lørdag 29. mars 2008

Fitna - the movie

I have just watched the controversial film made by the Dutch right-wing politician Geert Wilders. ”Fitna” is an Arabic word that can mean strife, upheaval or civil war. With the combination of Qur’an quotations and images it creates the impression that Islam is a religion of terror and violence, and naturally it has caused a lot of reactions.

While the film claims to portrait Islam, in reality it only portrays a particular stream within Islam, a stream that has many names: Fundamentalism, islamism, extremism among others. There are as many sides to Islam as there are sides to the Christian civilisation. If we say that it is this violent kind of Islam that is the real Islam, we say the same as the islamists themselves, those who claim to be the only true Muslims.

Muslims can do the same to us if they want – and many do. The image most Muslims have of Christianity is a religion that occupies their countries, bombs their cities and kills their children. The ”Christian” countries are societies that permit immorality of all kinds and that are doomed to destruction.

”Do to others what you would have them do to you”, our Lord taught his disciples. If we want Muslims to speak truthfully about us, we need to be truthful when we speak about Muslims. Showing a one-sided picture is not being truthful. Muslims and Christians live side by side in many countries of the world. We must do all we can to live peacefully with each other. The movie ”Fitna” does not help create an atmosphere of peace.

On the other hand – Muslims who respond with treaths and violence to this film, only confirm the one-sided image people in the West have of Islam and Muslims – that Islam is a religion of violence and hatred. Muslim leaders in Norway have responded wisely to the film – condemning it as insulting and divisive, but denouncing violent responses.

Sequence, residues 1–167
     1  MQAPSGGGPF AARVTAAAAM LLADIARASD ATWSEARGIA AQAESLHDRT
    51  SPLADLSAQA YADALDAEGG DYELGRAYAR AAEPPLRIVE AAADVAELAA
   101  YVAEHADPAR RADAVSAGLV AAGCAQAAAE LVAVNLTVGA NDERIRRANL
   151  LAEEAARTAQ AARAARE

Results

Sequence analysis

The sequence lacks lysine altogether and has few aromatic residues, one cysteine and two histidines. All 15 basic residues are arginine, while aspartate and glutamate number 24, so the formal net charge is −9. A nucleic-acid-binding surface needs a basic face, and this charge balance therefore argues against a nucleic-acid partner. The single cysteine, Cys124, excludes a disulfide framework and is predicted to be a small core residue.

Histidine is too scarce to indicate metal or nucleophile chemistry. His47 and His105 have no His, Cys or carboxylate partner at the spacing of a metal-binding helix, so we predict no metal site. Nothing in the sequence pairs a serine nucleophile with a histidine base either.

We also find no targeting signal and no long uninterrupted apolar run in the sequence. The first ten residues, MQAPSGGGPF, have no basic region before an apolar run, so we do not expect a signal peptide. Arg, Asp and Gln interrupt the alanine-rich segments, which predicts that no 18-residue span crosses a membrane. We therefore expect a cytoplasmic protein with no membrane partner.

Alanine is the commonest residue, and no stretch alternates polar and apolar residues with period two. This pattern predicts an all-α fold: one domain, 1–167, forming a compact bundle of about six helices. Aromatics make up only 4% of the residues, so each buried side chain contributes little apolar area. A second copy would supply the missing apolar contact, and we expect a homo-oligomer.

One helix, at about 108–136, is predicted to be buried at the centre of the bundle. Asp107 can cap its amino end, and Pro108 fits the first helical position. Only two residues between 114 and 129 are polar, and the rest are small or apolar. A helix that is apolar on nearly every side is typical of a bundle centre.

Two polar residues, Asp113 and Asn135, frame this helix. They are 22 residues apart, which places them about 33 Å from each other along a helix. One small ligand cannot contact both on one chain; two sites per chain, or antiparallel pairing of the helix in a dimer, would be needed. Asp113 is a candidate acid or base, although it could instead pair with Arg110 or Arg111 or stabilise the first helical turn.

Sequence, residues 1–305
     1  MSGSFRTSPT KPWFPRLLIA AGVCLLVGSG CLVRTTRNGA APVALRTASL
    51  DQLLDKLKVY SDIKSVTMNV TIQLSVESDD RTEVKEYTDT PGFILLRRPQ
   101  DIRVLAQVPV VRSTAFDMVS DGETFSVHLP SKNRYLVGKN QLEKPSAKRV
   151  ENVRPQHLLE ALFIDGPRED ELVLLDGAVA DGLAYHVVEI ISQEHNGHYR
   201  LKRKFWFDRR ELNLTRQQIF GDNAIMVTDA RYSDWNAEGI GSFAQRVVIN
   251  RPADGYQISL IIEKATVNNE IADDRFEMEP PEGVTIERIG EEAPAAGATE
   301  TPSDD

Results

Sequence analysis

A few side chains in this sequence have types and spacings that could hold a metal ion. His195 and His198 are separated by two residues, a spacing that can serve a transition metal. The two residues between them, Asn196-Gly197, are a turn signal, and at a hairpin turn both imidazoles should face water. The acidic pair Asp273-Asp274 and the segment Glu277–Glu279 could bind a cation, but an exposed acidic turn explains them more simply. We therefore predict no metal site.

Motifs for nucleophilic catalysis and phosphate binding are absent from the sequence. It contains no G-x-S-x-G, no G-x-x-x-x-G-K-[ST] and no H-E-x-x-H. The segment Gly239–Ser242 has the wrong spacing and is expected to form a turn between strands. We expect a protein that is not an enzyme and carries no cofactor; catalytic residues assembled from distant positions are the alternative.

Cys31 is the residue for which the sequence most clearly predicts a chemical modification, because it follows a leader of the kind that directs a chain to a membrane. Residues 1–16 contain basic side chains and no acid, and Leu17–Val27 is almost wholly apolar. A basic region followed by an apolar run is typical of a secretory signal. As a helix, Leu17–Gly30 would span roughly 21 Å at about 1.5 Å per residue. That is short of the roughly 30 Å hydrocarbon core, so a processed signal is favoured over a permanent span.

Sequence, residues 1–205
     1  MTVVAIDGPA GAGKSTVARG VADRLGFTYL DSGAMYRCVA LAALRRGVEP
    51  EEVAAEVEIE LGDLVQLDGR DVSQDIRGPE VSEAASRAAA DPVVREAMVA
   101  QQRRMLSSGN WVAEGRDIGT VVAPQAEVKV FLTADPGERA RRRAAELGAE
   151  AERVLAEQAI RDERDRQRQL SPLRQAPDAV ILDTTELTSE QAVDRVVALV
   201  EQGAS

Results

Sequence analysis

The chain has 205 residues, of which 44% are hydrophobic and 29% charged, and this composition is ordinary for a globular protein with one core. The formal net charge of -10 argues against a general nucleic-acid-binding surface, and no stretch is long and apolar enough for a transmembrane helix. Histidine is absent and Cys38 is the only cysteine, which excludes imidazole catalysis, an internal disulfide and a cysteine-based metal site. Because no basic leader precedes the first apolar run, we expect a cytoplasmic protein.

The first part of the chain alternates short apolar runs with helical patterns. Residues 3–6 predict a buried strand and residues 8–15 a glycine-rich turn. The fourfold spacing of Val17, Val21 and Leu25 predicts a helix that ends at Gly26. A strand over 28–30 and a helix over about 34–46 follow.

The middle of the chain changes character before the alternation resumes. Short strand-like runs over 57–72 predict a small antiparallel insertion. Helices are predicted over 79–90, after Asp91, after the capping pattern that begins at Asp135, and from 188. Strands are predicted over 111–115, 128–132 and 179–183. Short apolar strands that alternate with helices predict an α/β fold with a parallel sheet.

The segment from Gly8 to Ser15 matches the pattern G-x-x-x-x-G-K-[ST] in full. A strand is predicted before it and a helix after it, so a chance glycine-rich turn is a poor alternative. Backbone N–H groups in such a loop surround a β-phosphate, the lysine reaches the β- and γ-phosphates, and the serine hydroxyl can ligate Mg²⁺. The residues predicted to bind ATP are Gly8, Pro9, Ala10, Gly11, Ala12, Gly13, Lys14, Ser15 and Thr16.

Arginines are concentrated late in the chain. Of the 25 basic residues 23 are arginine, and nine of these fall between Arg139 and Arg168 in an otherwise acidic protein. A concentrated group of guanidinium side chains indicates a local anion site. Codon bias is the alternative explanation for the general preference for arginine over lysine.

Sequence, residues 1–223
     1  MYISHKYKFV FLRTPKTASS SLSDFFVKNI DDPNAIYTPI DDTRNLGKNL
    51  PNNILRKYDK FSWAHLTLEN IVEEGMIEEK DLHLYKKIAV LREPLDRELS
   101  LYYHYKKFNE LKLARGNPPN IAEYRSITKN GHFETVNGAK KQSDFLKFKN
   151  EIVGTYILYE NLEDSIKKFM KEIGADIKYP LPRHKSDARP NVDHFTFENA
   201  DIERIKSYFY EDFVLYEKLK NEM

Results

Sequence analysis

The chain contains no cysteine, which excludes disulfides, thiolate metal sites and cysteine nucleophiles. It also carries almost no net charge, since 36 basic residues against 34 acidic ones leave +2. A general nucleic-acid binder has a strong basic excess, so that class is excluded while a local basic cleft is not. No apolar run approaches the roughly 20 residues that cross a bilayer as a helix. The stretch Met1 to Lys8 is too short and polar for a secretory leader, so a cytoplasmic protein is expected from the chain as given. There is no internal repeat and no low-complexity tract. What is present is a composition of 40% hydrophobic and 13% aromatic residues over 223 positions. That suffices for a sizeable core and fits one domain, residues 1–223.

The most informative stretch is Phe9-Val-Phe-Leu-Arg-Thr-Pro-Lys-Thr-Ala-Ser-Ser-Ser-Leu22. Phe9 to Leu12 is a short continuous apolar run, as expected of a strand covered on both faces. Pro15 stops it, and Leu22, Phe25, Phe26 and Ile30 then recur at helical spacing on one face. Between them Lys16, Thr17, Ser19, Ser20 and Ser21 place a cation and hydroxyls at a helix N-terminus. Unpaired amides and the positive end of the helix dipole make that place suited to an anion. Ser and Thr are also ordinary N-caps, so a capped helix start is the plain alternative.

mandag 24. mars 2008

The journey goes on

Yesterday we had a good celebration of Easter in Bergen International Church. Here is a summary of my talk:

The last few weeks we’ve been on a “Journey to Jerusalem” with Jesus and his disciples. We’ve followed our Lord on his way to Jerusalem, where he was arrested, tortured, crucified and buried in the tomb. The journey ended in Jerusalem – or so they thought.

In our gospel reading (John 20:1-18), we heard about Mary Magdalene, who was the first to discover the empty tomb and the first to see the risen Lord. She too had been on the journey to Jerusalem with the other disciples. She must have been sure her journey had come to an end there, but now her journey went on as she ran back to the disciples to tell her story. And she probably continued to tell her story the rest of her life.

The same happened to the other disciples. The journey didn’t end in Jerusalem, but went on. The other reading we heard today was from Acts 10, where Peter speaks to Cornelius. After the persecution that broke out in Jerusalem following the stoning of Stephen, the disciples were spread around the country. Peter was one of those who travelled around, preaching the gospel to the Jews. His vision before his encounter with the Roman officer Cornelius convinced him that the gospel should be shared with the Gentiles too. For Peter, the journey went on all the way to Rome, where he served as the first bishop before he ended his life crucified upside down. All the other apostles too, except John, were killed as martyrs. For them too the journey didn’t end in Jerusalem – it went on from there. Tradition tells us that they travelled in different directions as they preached the gospel.

How about us? What about our journey? Each of us has our own spiritual journey to travel. The first goal in this journey is Jerusalem. There you must first come to the cross, where you can take off all your burdens. Then you stay in Jerusalem another three days, until Easter morning, when you come to see the empty tomb. At the tomb you rejoice with Mary and Peter and John when you realise that Jesus is no longer there.
And you receive a new assignment. Jerusalem is no longer your goal, but your starting point.
And your new goal is the world. The whole world. Starting with where you are right now.
The journey goes on.

Some of you will travel home soon, after you have ended your assignment here in Norway.
Some of us have left Norway to bring the gospel to another country. Some of you have come to stay here in Norway, bringing the gospel to us. Whover you are, wherever you go, our assignment is the same as for the apostles: To be witnesses of the cross and the empty tomb, just as Peter said to Cornelius when he preached: He said that Jesus had ordered the apostles “to preach everywhere and testify that Jesus is the one appointed by God to be the judge of all – the living and the dead. He is the one all the prophets testified about, saying that everyone who believes in him will have their sins forgiven through his name.”